She was four lengths behind, then suddenly Beholder was three in front, gliding to an 81/4-length runaway. The Pacific Classic at Del Mar was her debut against males and her first try at 11/4 miles. For almost any other 5-year-old mare, the dual challenge would have been the equivalent of a 30-foot putt. For her, it was a tap-in.

"At the finish line, I let out a scream of somebody who had never felt that before at a race of this level," said jockey Gary Stevens, winner of nine Triple Crown events.

Trainer Richard Mandella was dazzled, too. "It's sort of hard to believe that any horse can run a race like that," Mandella said recently. "When she made that move and just left the colts behind, I figured they must have stopped battling. But when I looked at the timer, it wasn't them stopping, it was her running."

Impressive as she was, Beholder was crushing the "B" team Aug. 22. The two-time Eclipse Award winner will need a repeat performance Saturday at Keeneland to have a chance in the Breeders' Cup Classic. And even if she can outrun Triple Crown winner American Pharoah, she'll have to beat Honor Code, Tonalist, Keen Ice, Frosted and European star Gleneagles to join Zenyatta (2009) as the Classic's only female winners.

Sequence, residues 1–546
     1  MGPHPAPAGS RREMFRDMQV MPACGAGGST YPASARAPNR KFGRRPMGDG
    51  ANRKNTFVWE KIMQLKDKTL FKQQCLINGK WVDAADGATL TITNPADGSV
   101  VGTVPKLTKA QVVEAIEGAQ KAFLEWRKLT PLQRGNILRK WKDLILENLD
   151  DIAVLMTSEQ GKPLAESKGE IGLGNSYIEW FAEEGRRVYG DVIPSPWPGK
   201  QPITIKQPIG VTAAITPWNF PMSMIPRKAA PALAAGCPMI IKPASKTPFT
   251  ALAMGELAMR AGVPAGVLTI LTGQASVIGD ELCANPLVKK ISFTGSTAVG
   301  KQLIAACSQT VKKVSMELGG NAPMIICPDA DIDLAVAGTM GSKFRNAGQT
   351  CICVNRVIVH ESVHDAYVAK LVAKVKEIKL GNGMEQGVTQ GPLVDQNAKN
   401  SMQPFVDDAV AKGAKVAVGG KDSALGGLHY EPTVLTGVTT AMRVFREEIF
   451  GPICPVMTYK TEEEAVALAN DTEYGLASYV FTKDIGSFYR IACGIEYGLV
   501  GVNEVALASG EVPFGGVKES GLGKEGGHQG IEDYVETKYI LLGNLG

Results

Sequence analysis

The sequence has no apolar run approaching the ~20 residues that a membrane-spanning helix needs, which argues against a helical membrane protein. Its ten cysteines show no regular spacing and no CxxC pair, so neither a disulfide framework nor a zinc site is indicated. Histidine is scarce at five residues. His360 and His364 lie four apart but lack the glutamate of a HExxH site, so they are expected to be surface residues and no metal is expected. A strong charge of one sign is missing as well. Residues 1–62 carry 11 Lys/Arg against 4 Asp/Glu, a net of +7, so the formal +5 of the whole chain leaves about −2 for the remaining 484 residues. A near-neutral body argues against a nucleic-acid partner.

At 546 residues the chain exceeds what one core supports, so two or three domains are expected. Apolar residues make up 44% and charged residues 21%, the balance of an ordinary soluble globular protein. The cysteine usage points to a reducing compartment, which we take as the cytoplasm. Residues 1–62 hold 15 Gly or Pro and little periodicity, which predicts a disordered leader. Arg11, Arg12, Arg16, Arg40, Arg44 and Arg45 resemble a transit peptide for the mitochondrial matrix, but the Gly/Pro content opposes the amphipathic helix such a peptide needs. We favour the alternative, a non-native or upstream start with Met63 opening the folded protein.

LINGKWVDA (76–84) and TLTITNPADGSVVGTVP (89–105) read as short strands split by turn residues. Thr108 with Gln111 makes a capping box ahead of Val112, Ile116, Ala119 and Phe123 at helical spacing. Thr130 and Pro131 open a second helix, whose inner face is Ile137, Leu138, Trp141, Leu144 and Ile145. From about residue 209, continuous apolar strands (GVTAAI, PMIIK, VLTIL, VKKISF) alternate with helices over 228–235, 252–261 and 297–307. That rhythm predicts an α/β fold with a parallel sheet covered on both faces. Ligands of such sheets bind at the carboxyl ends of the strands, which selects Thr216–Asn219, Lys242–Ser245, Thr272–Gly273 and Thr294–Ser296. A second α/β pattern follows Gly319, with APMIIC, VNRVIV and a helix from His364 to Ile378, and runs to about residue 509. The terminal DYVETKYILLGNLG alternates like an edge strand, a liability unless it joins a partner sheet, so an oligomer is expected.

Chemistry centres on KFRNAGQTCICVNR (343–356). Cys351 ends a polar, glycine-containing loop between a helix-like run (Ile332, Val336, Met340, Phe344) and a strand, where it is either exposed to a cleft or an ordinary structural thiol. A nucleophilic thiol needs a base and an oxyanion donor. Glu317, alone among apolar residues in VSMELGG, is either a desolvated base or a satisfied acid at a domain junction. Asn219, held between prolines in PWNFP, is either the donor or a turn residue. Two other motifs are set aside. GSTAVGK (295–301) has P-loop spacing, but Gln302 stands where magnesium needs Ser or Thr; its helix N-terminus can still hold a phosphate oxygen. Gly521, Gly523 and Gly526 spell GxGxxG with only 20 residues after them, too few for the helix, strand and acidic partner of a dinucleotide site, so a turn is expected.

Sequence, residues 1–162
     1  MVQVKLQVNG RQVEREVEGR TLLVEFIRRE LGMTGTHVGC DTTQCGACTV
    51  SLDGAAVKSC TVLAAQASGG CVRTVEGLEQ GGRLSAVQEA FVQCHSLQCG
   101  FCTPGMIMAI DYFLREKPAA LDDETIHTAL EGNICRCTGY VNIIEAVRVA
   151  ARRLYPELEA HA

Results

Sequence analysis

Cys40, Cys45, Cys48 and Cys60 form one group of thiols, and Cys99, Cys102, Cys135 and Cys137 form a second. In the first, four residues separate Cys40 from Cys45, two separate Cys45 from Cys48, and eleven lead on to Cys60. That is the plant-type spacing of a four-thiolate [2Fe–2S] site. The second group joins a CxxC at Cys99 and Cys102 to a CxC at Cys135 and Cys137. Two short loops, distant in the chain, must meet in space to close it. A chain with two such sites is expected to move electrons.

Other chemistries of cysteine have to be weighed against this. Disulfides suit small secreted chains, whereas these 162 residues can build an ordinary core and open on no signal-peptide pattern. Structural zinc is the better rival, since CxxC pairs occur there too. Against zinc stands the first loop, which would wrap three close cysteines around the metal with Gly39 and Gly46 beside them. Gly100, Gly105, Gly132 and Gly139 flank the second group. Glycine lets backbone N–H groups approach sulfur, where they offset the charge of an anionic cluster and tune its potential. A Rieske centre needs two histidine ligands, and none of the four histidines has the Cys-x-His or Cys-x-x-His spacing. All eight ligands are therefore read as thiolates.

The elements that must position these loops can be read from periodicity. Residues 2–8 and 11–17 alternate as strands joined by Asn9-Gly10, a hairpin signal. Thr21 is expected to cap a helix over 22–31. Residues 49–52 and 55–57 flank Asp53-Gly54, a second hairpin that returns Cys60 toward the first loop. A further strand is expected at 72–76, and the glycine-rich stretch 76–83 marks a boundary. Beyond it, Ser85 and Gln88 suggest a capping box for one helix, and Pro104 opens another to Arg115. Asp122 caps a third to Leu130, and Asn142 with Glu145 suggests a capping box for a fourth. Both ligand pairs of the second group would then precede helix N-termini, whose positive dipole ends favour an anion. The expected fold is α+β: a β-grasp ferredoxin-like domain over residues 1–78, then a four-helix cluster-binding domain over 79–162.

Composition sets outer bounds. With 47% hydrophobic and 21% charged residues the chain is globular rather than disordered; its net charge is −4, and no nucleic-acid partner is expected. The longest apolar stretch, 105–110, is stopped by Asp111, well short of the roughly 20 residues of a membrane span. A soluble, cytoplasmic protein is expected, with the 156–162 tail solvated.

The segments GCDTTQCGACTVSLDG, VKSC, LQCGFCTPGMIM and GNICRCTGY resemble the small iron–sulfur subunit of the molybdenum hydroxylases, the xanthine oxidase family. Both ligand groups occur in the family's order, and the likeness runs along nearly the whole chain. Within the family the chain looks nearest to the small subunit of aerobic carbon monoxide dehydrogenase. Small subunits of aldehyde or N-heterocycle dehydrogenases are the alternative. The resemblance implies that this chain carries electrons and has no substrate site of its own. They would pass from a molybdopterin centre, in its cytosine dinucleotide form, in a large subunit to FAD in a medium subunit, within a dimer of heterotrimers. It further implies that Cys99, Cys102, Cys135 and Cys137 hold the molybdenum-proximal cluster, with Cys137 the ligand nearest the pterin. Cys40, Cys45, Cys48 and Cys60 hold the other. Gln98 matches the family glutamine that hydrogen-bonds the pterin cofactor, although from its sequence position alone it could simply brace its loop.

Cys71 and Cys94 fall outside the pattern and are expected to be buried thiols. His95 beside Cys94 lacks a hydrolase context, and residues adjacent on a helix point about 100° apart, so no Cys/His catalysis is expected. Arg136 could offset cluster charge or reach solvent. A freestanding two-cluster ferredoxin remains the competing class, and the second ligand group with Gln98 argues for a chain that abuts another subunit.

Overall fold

"It's a great field," Mandella said. "It's got a Triple Crown winner, and we haven't had one of them in 37 years. So it couldn't get much tougher than that." Drawing post 10, the far outside, didn't make it easier.

Beholder, the 3-1 second choice, also is trying to become the first horse to win three different Breeders' Cup races. As a 2-year-old, she took the Juvenile Fillies at Santa Anita, then dominated the Distaff there a year later. If she hadn't missed last season's Distaff with a fever, she might be going for an unprecedented fourth Cup trophy. She showed she's in top form Monday, breezing 5 furlongs effortlessly in 591/5 seconds, with a final quarter-mile in a sharp 232/5.

Beholder's only negative stat is she's 0-for-2 outside of California, where she's 15-for-18, and she ran courageously in both out-of-state defeats.

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Like many humans, Beholder doesn't travel well. She spiked a fever last week the night after arriving in Kentucky. Mandella attributed it to stress from shipping, and within 24 hours her temperature was normal.

Besides the change of scenery, the race shape may not work in her favor. American Pharoah looks like the lone speed, and if he's allowed to lope along in front, it could be a Belmont Stakes rerun. If Beholder pressures him, she could sacrifice herself, as Frosted did in the Travers.

Mandella doesn't get caught up in what-ifs. "Any time you're running in a race like this you're concerned about everything," he said. "My only concern is just to get her in the best shape I can get her, and whatever happens, happens."